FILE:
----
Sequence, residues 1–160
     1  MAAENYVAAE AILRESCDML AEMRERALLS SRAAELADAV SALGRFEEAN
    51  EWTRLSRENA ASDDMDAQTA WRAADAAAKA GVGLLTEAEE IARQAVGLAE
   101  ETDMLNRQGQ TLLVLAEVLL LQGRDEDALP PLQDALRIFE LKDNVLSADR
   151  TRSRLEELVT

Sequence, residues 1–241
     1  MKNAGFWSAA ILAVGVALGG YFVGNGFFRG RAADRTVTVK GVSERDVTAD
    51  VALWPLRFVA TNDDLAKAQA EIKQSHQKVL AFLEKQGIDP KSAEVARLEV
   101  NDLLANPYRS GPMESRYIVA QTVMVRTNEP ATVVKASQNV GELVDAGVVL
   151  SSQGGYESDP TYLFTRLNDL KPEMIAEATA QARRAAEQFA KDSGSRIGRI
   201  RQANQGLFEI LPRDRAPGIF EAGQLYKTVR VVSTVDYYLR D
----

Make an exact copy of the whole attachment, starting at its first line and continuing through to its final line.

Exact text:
Sequence, residues 1–160
     1  MAAENYVAAE AILRESCDML AEMRERALLS SRAAELADAV SALGRFEEAN
    51  EWTRLSRENA ASDDMDAQTA WRAADAAAKA GVGLLTEAEE IARQAVGLAE
   101  ETDMLNRQGQ TLLVLAEVLL LQGRDEDALP PLQDALRIFE LKDNVLSADR
   151  TRSRLEELVT

Sequence, residues 1–241
     1  MKNAGFWSAA ILAVGVALGG YFVGNGFFRG RAADRTVTVK GVSERDVTAD
    51  VALWPLRFVA TNDDLAKAQA EIKQSHQKVL AFLEKQGIDP KSAEVARLEV
   101  NDLLANPYRS GPMESRYIVA QTVMVRTNEP ATVVKASQNV GELVDAGVVL
   151  SSQGGYESDP TYLFTRLNDL KPEMIAEATA QARRAAEQFA KDSGSRIGRI
   201  RQANQGLFEI LPRDRAPGIF EAGQLYKTVR VVSTVDYYLR D